Ruth Risdon Storer Garden– Valley- A formal white flower garden was ... from India is a popular moon garden flower because of its ... The secret to a healthy garden is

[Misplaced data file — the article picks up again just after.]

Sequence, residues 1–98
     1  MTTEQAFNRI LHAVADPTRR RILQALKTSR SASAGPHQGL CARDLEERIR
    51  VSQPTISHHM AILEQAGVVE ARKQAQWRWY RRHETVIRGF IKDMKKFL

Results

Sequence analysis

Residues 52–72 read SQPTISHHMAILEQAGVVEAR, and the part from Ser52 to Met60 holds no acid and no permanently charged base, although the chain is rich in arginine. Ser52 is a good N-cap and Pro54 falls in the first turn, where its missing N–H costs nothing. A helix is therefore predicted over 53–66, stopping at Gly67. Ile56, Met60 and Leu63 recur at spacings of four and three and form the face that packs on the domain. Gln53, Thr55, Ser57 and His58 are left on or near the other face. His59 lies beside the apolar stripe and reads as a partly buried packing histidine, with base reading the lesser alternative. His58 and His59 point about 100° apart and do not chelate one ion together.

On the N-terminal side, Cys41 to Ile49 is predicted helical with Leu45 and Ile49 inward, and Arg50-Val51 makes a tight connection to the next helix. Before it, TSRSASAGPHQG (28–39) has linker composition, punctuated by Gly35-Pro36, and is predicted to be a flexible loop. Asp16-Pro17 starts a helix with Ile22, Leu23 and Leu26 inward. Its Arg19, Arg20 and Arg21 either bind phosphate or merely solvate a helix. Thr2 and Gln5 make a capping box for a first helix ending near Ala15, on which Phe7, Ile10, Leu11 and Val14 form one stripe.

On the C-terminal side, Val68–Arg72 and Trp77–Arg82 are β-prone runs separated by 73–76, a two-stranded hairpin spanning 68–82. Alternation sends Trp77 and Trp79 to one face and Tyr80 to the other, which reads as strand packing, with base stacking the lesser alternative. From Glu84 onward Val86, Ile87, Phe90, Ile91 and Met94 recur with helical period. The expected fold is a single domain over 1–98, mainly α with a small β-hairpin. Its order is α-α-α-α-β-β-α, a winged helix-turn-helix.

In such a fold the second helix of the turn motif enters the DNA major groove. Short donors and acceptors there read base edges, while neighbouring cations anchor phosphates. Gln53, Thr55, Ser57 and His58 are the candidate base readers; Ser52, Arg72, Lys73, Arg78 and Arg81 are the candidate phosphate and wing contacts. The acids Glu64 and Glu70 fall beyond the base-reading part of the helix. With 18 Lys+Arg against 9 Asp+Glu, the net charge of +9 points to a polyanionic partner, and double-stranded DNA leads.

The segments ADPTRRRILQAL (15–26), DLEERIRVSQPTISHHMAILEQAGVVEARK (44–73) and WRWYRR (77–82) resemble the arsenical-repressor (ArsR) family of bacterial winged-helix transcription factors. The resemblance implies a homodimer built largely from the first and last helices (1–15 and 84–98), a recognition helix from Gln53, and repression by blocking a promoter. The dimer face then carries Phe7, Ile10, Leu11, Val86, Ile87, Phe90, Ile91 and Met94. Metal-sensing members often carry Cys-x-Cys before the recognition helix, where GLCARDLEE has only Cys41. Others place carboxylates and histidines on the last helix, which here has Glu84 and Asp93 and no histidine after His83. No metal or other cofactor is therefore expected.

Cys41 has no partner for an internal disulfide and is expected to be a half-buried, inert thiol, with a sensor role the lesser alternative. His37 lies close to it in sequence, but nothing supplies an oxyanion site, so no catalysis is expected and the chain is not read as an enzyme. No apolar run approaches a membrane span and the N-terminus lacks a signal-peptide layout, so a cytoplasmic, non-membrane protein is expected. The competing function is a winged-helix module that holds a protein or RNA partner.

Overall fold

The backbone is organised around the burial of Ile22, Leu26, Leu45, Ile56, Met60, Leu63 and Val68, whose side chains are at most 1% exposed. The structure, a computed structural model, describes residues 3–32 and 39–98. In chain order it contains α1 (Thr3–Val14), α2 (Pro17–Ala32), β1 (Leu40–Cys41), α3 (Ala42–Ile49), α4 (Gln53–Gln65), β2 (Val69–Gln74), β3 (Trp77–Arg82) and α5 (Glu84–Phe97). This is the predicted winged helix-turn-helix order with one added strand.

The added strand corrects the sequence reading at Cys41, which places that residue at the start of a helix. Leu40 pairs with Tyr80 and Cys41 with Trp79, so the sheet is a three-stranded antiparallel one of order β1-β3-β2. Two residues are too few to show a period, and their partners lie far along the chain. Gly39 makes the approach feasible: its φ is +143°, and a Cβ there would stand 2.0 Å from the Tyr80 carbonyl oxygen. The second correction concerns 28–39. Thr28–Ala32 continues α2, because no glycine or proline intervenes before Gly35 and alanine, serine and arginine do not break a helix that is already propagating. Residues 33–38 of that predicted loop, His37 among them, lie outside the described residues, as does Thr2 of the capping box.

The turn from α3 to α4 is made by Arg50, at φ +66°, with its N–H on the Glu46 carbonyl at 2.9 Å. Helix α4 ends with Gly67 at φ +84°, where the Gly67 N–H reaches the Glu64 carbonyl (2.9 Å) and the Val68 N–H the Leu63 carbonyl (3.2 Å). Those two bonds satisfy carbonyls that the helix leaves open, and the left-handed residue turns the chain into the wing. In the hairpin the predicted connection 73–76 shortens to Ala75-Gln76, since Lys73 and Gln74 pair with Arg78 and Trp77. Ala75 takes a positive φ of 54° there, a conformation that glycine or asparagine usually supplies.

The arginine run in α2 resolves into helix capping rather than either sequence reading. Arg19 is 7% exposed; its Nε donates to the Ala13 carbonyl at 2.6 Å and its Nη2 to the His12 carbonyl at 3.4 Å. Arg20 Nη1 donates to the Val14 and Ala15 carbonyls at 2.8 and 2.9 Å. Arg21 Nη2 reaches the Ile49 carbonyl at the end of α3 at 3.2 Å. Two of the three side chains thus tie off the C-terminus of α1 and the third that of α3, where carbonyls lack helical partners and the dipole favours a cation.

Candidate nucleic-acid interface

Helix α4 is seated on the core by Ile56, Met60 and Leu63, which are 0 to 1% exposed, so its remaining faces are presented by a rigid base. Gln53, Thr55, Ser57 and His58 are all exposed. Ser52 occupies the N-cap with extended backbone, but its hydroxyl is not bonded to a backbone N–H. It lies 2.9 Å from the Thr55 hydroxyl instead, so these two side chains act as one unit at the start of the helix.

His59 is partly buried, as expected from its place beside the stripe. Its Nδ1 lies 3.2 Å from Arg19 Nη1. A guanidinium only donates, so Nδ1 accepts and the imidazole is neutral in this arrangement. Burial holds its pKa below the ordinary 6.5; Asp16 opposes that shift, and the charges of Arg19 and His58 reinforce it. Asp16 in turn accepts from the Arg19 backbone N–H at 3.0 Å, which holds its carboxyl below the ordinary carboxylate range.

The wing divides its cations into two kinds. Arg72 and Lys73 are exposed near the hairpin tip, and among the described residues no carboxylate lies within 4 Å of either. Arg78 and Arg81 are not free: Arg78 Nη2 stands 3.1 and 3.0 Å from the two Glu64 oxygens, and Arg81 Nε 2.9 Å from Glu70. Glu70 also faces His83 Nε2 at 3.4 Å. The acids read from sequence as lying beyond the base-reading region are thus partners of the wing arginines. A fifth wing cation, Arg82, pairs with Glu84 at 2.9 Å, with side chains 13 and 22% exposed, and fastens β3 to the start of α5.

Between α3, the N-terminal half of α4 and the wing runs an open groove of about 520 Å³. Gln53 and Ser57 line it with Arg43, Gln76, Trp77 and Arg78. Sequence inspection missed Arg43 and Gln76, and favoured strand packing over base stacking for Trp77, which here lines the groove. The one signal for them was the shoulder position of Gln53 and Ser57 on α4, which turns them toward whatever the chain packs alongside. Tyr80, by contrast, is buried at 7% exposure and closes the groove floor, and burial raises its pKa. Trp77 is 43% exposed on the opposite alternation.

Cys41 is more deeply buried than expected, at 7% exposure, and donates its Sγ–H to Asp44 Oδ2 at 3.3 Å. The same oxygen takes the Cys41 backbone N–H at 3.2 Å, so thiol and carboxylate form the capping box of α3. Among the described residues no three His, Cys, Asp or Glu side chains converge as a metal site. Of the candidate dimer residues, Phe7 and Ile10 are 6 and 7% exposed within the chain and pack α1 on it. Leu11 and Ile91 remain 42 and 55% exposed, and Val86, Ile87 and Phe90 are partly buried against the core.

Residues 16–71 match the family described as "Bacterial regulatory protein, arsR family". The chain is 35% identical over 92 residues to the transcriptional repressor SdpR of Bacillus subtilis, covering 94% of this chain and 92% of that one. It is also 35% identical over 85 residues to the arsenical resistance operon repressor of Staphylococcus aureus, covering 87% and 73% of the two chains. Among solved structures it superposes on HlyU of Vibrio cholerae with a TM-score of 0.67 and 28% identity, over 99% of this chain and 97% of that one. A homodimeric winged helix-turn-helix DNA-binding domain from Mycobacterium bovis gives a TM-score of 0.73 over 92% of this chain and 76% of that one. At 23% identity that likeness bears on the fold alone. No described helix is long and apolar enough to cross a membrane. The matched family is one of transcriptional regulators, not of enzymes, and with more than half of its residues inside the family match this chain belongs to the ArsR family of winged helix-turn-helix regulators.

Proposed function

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<ul><li><p>Ruth Risdon StorerGarden </p><p>Garden</p><p>Valley-A</p><p>Wise </p><p>Ellen Zagory</p><p>Sign made possible by a grant from the Elvenia J. Slosson Foundation</p><p>UCDAVIS</p><p>RBORETUM</p></li><li><p>How do Iselect mulch?</p><p>How often should I mulch?</p><p>How much mulch do I need?</p><p>UCDAVIS</p><p>RBORETUM</p><p>Mulch protects the soil and improves the appearance of the home garden.</p><p>Mulch reducesweeds by blocking sunlight</p><p>that weed seeds need to grow</p><p>water needs by protecting soilfrom losing water to evaporationand run-off</p><p> fertilizer needs by breakingdown and adding its ownnutrients to the soil</p><p> soil compaction by cushioningthe soil below</p><p>Mulch improvesappearance by covering bare</p><p>ground and reducing weeds</p><p>drainage over time by breakingdown and improving soilstructure</p><p>soil health by adding nutrientsto the soil as it breaks down</p><p>plant health by improving soiland growing conditions</p><p>Car</p><p>mia</p><p> Fel</p><p>dman</p><p>What is mulch?Mulch is a protective covering</p><p>spread on the ground aroundplants. It improves the health ofyour garden. </p><p>The Arboretum uses medium,shredded fir bark mulch becauseit is attractive, durable and natural-looking. Notice thismulch around you in the Valley-Wise Garden. </p><p>Bets</p><p>y Fa</p><p>ber</p><p>Arboretum volunteers mulching</p><p>Mulched home garden</p><p>arboretum.ucdavis.eduSign made possible by grants from the Elvenia J. Slosson Foundation and the UC Davis Office of Administration</p><p>Ruth Risdon Storer GardenA Valley-Wise Garden</p></li><li><p>Mulch protects the soil and improves the appearance of the home garden.</p><p>Car</p><p>mia</p><p> Fel</p><p>dman</p><p>How do I select mulch?Choose: fine or medium-sized mulch</p><p> pieces less than 2 long</p><p>Popular kinds of mulches include: Shredded bark or wood</p><p> Nut shells</p><p> Pine needles or other tree leaves</p><p>How much mulch do I need?Small plants2 deep</p><p>Large plants, trees4 deep</p><p>Pathways and bare ground4 deep</p><p>If you spread mulch too thinly, you lose its benefits.</p><p>How often should I mulch?Apply mulch at least once a year or as needed tomaintain an optimum depth of 2-4. </p><p>Mulched home garden</p><p>Mulch reducesweeds by blocking sunlight</p><p>that weed seeds need to grow</p><p>water needs by protecting soilfrom losing water to evaporationand run-off</p><p> fertilizer needs by breakingdown and adding its ownnutrients to the soil</p><p> soil compaction by cushioningthe soil below</p><p>Mulch improvesappearance by covering bare</p><p>ground and reducing weeds</p><p>drainage over time by breakingdown and improving soilstructure</p><p>soil health by adding nutrientsto the soil as it breaks down</p><p>plant health by improving soiland growing conditions</p><p>UCDAVIS</p><p>RBORETUM</p><p>What is mulch?Mulch is a protective covering</p><p>spread on the ground aroundplants. It improves the health ofyour garden. </p><p>The Arboretum uses medium,shredded fir bark mulch becauseit is attractive, durable and natural-looking. Notice thismulch around you in the Valley-Wise Garden. </p><p>Bets</p><p>y Fa</p><p>ber</p><p>Arboretum volunteers mulching</p><p>arboretum.ucdavis.eduSign made possible by grants from the Elvenia J. Slosson Foundation and the UC Davis Office of Administration</p><p>Ruth Risdon Storer GardenA Valley-Wise Garden</p><p>Mulch_9x6_inside 4/20/07 1:56 PM Page 1</p></li><li><p>Who was Ruth Risdon Storer?Dr. Ruth Risdon Storer was Yolo</p><p>Countys first pediatrician and an avid gardener. She shared many of the plantshere with the Arboretum and helped tofund this garden. First planted in 1980, thisdemonstration garden was inspired byStorers own home garden. Like her garden,it has year-round color, beauty and requireslittle maintenance. </p><p>Arboretum staff test new plants here for use in Valley-Wise gardens. Explore this garden </p><p>for Arboretum All-Starsour top recommended plants. </p><p>WELCOME TO THERuth Risdon StorerGardenA Valley-WiseGarden</p><p>arboretum.ucdavis.eduSign made possible by grants from the Elvenia J. Slosson Foundation and the UC Davis Office of Administration</p><p>Ruth Risdon Storer</p><p>How can I save money?</p><p>How can I live in a more beautiful, </p><p>healthy environment?</p><p>How can I have more free time?</p><p>Ellen Zagory Valley-Wise Garden</p><p>Dr. RuthsPrescription for Valley-Wise Gardening</p><p>Name</p><p>Date</p><p>Address</p><p>Diagnosis</p><p>RefillLabelDispense as Written</p><p>R</p><p>Home Gardeners</p><p>Anytime</p><p>Central Valley of California</p><p>Hot, dry summers; cold, wet winters; and heavy soils</p><p>Visit the Valley-Wise Garden year-round to see seasonal beauty</p><p>Learn to use Valley-Wise gardening practicesTransform your home garden into a Valley-Wise landscape</p><p>XX</p><p>SeasonallyValley-Wise Garden</p><p>UCDAVIS</p><p>RBORETUMValley-Wise gardening uses plants and practices suited to Central Valley conditions</p><p>Bob </p><p>Mar</p><p>kson</p></li><li><p>Ellen Zagory Valley-Wise Garden</p><p>Dr. RuthsPrescription for Valley-Wise Gardening</p><p>Name</p><p>Date</p><p>Address</p><p>Diagnosis</p><p>RefillLabelDispense as Written</p><p>R</p><p>Home Gardeners</p><p>Anytime</p><p>Central Valley of California</p><p>Hot, dry summers; cold, wet winters; and heavy soils</p><p>Visit the Valley-Wise Garden year-round to see seasonal beauty</p><p>Learn to use Valley-Wise gardening practicesTransform your home garden into a Valley-Wise landscape</p><p>XX</p><p>SeasonallyValley-Wise Garden</p><p>Elle</p><p>n Za</p><p>gory</p><p>Valley-Wise Gardeners choose low-water-use plants and</p><p>have lower water bills</p><p> spend less on chemical fertilizersand pesticides</p><p> use long-lived plants that dontneed regular replacement</p><p>Valley-Wise Gardeners provide food and shelter for </p><p>butterflies and birds to create a healthier ecosystem</p><p> conserve valuable water resources</p><p> cause less chemical pollution</p><p> have colorful gardens that buzzwith life</p><p>Valley-Wise Gardeners spend less time on garden</p><p>maintenance</p><p> spend less time replacingplants</p><p> have less lawn to mow</p><p>Elle</p><p>n Za</p><p>gory</p><p>Elle</p><p>n Za</p><p>gory</p><p>Who was Ruth Risdon Storer?Dr. Ruth Risdon Storer was Yolo</p><p>Countys first pediatrician and an avid gardener. She shared many of the plantshere with the Arboretum and helped tofund this garden. First planted in 1980, thisdemonstration garden was inspired byStorers own home garden. Like her garden,it has year-round color, beauty and requireslittle maintenance. </p><p>Arboretum staff test new plants here for use in Valley-Wise gardens. Explore this garden </p><p>for Arboretum All-Starsour top recommended plants. </p><p>WELCOME TO THERuth Risdon StorerGardenA Valley-WiseGarden</p><p>arboretum.ucdavis.eduSign made possible by grants from the Elvenia J. Slosson Foundation and the UC Davis Office of Administration</p><p>Ruth Risdon Storer</p><p>UCDAVIS</p><p>RBORETUMValley-Wise gardening uses plants and practices suited to Central Valley conditions</p><p>Bob </p><p>Mar</p><p>kson</p><p>AskDrRuth_9x6inside 4/20/07 1:40 PM Page 1</p></li><li><p>arboretum.ucdavis.eduSign made possible by grants from the Elvenia J. Slosson Foundation and the UC Davis Office of Administration</p><p>Ruth Risdon Storer GardenA Valley-Wise Garden</p><p>ARE APHIDS</p><p>By growing buddy, orcompanion, plants aroundyour roses, you can attractbeneficial insects that eataphids and other pests. . .without using chemicals!</p><p>Instead of using pesticides, try the buddy system.</p><p>Without Buddy Plants With Buddy Plants</p><p>We eat aphids!Buddy, or companion, plantsprovide food and/or shelterto adult beneficial insects,encouraging them to laytheir eggs near roses.Hungry larvae then hatchand help control aphids andother pests by eating them.</p><p>LacewingLarva eats aphids andsmall caterpillars.</p><p>Adult eats nectarand pollen.</p><p>Ladybird BeetleLarva eats aphids, scalesand mites.</p><p>Adult eats aphids,scales and mites.</p><p>Larva eats aphids, thripsand mites.</p><p>Adult eats nectarand pollen.</p><p>Syrphid Fly</p><p>UC</p><p> IPM</p><p>UC</p><p> IPM</p><p>UC</p><p> IPM</p><p>UC</p><p> IPM</p><p>UC</p><p> IPM</p><p>UC</p><p> IPM</p><p>Mel</p><p>issa</p><p> Bor</p><p>el</p><p>UC</p><p> IPM</p><p>Rose bush without buddy plants</p><p>Rose bush with buddy plants</p><p>Aphid-infested rose Healthy, aphid-free rose</p><p>Mel</p><p>issa</p><p> Bor</p><p>el</p><p>Mel</p><p>issa</p><p> Bor</p><p>el</p><p>UCDAVIS</p><p>RBORETUM</p></li><li><p>AM I</p><p>No. I am a low-maintenance rose because I am disease resistant.</p><p>When you buy roses, look onthe label to see if theyre diseaseresistant. This will save youtime, money and effort in yourValley-Wise garden. Notice the Class Act rose in front of you.It is resistant to common fungal diseases</p><p>and thrives in the Valley-Wise Gardenwithout the use of pesticides. </p><p>High Maintenance Roses without disease resistance are</p><p>prone to unsightly fungal diseases In order to look their best, these roses</p><p>may require high levels of care and fungicide applications</p><p>Common Fungal Problems in Roses</p><p>UCDAVIS</p><p>RBORETUM</p><p>Low Maintenance Roses with disease resistance are easier to</p><p>care for because they are less likely to getfungal diseases</p><p> These roses are beautiful without needingfungicide</p><p>Choose Low-Maintenance Roses</p><p>Rust Black spot Powdery mildew Rosa Perle dOr Rosa x odoratus Mutabilis Rosa Gruss an AachenArboretum All-Star ratS-llA muterobrAratS-llA muterobrA</p><p>Mel</p><p>issa</p><p> Bor</p><p>el</p><p>UC</p><p> IPM</p><p>UC</p><p> IPM</p><p>UC</p><p> IPM</p><p> 2</p><p>007</p><p>Dili</p><p>p Ba</p><p>rman</p><p>Elle</p><p>n Za</p><p>gory</p><p>Laur</p><p>en K</p><p>ane</p><p>Ellen Zagory</p><p>arboretum.ucdavis.eduSign made possible by a grant from the Elvenia J. Slosson Foundation </p><p>Ruth Risdon Storer GardenA Valley-Wise Garden</p></li><li><p>Who was Carolee Shields?Carolee Shields was the wife of Judge Peter</p><p>J. Shields, an early champion of the founding ofUC Davis. She is credited with starting thelong-standing campus tradition of Picnic Dayby hosting the first event in 1909.</p><p>After Judge Shields passed away, Mrs.Shields made sure that a bequest from theirestate would create the Shields Oak Grovealong with this garden and gazebo. </p><p>The formal white flower garden wasplanted in 1976 at the suggestion of Mrs.Shields friends, Ruth Risdon Storer andAlyce Jewett.</p><p>UCDAVIS</p><p>RBORETUM</p><p>WELCOME TO THECarolee ShieldsWhite Flower Gardenand Gazebo</p><p>arboretum.ucdavis.eduSign made possible by a grant from the Elvenia J. Slosson Foundation</p><p>Elle</p><p>n Za</p><p>gory</p><p>Elle</p><p>n Za</p><p>gory</p><p>In the evening, many of the flowers in this garden havea stronger scent that attracts night-pollinating moths.</p><p>Historically, white flower gardens were used by aristocrats of ancient India,and later by English socialites, for outdoor parties before air conditioningwas invented. In order to escape summer heat, parties were held in theevening. White flowers were ideal because they shine in the light of themoon.</p><p>It provides a wonderful destination forArboretum visitors</p><p>It provides food sources for night-pollinating insects</p><p>This garden and gazebo are a beautiful setting for weddings and receptions.For reservations, call Campus Events and Visitor Services (530) 752-2675.</p><p>WHY IS THERE A</p><p>IN THE ARBORETUM</p><p>Carolee Shields (far left), seated behind Judge Shields, hostsone of the first Picnic Day events in the area that eventuallybecame the Arboretum. </p><p>White garland ginger(Hedychium coronarium)from India is a popular moongarden flower because of itstropical fragrance.</p><p>The sphinx moth is attracted to white flowers bytheir sweet fragrance and visibility at night. As themoth feeds on nectar, it pollinates the flowers.Smerinthus cerisyi (left), and Hyles lineata (right), bothin the Sphingidae family.</p><p>Any white-flowering plant issuitable for a moon garden.Some of these scented favoritesare found in this garden.</p><p>Elle</p><p>n Za</p><p>gory</p><p>Clockwise from top: summerdaphne (Daphne x transcaucasica),southern magnolia (Magnoliagrandiflora), Argentine rain lily(Zephyranthes candida), and callalily (Zantedeschia aethiopica).</p><p>Mel</p><p>issa</p><p> Bor</p><p>el</p><p>Mel</p><p>issa</p><p> Bor</p><p>el</p><p>Lind</p><p>ey F</p><p>amily</p><p> Col</p><p>lect</p><p>ion,</p><p> UC</p><p> Dav</p><p>is</p><p>Mel</p><p>issa</p><p> Bor</p><p>elIt continues a three thousand year-oldgardening tradition</p></li><li><p>Elle</p><p>n Z</p><p>ago</p><p>ry</p><p>The Valley-Wise Garden is watered only once every two weeks for seven months of the year (April-October). Winter rains take care of the rest.</p><p>Valley-Wise Garden</p><p>Water during the cool morning hours toreduce water loss through evaporation. </p><p>NO. The secret to a healthy garden iswatering deeply and infrequently. Deep watering means wetting a plants entire root zone.</p><p>Constantly wet soils can kill many plants, so allow soil to dry before you water again.</p><p>It is best to water deeply and infrequently. Deep watering means</p><p>wetting a plants entire root zone. The drought-tolerant plants in the Valley-Wise Garden get</p><p>deep watering once every two weeks The water loving plants in the nearby White Flower Garden</p><p>and Gazebo get deep watering once a week</p><p> Learning to use your irrigation controller Turning off your watering system during the </p><p>rainy winter season Adjusting irrigation heads to avoid watering </p><p>sidewalks and pathways Using water-efficient spray heads that release </p><p>less water over time Using mulch to reduce water loss</p><p>New plantings need more water untiltheir roots have started to grow into thesurrounding soil. Plant in the fall and let</p><p>the winter rains water for you. </p><p>Your plants need enough waterto wet their entire root zone. </p><p>Lawn Perennials and shrubs Trees</p><p>Even drought-tolerant plants may need daily water if you plant in the spring or summer. </p><p>20</p><p>3</p><p>412-18 24+</p><p>Scale: 3/16=1</p><p>Plants need the most water during thelong, hot days of summer. Turn yoursprinklers OFF in the winter; rains </p><p>provide plenty of water.</p><p>Check how deep the water is getting into soilby using a shovel to gently expose the soilwithout disturbing plants. </p><p>6Typical root zone depths</p><p>Make your irrigation system more water-wise by:</p><p>Did you know? Most California gardens are given 40%</p><p>more water than they need</p><p> Too much watering is the major cause of plant death in many home gardens </p><p>arboretum.ucdavis.eduSign made possible by grants from the Elvenia J. Slosson Foundation and the UC Davis Office of Administration</p><p>Ruth Risdon Storer GardenA Valley-Wise Garden</p></li><li><p>Elle</p><p>n Z</p><p>ago</p><p>ry</p><p>How much water do my plants need?</p><p>How much should I water in different </p><p>seasons?</p><p>How much should I water my </p><p>new plantings?</p><p>How often should Iwater my plants?</p><p>How can I make my irrigation system more</p><p>water-wise?</p><p>The Valley-Wise Garden is watered only once every two weeks for seven months of the year (April-October). Winter rains take care of the rest.</p><p>Do I need to water everyday?</p><p>What time of day is best for watering?</p><p>Valley-Wise Garden</p><p>Did you know? Most California gardens are given 40%</p><p>more water than they need</p><p> Too much watering is the major cause of plant death in many home gardens </p><p>arboretum.ucdavis.eduSign made possible by grants from the Elvenia J. Slosson Foundation and the UC Davis Office of Administration</p><p>Ruth Risdon Storer GardenA Valley-Wise Garden</p></li><li><p>UCDAVIS</p><p>RBORETUMRuth Risdon Storer GardenA Valley-Wise Garden</p><p>Wayne Roderick seaside daisyErigeron Wayne Roderick</p><p>We eat aphids!M</p><p>elis</p><p>sa B</p><p>orel</p><p>Buddy, or companion, plants like seaside daisyand goldenrod attract adult beneficial insects,adding beauty and function to your garden.</p><p>Syrphid fly adults feedon the nectar and pollenof companion plants.Growing these plants ina location close to rosesencourages beneficialinsects to lay their eggsnearby. Larvae thenhatch and can feed onaphids and other rosepest insects.</p><p>California goldenrodSolidago californica</p><p>arboretum.ucdavis.eduSign made possible by a grant from the Elvenia J. Slosson Foundation</p><p>PROVIDE BENEFICIAL INSECTS</p><p>FOR</p><p>Mel</p><p>issa</p><p> Bor</p><p>el</p><p>UC</p><p> IPM</p></li><li><p>We eat aphids!</p><p>PROVIDE BENEFICIAL INSECTS</p><p>FOR</p><p>Buddy, or companion, plants like deergrassand yarrow provide shelter for beneficialladybird beetles.</p><p>Ladybird beetles staysafe by taking cover inthese companion plants.Growing these plants ina location close to rosesprovides the beneficialinsects with theirfavorite foods: rose pestssuch as aphids, scales,mites, and caterpillars.</p><p>Emily</p><p> Gri</p><p>swol</p><p>d</p><p>Elle</p><p>n Za</p><p>gory</p><p>UC</p><p> IPM</p><p>UCDAVIS</p><p>RBORETUMRuth Risdon Storer GardenA Valley-Wise Garden</p><p>arboretum.ucdavis.eduSign made possible by a grant from the Elvenia J. Slosson Foundation</p><p>Mexican DeergrassMuhlenbergia dubia</p><p>Common Yarrow and its hybridsAchillea Creamy</p></li></ul>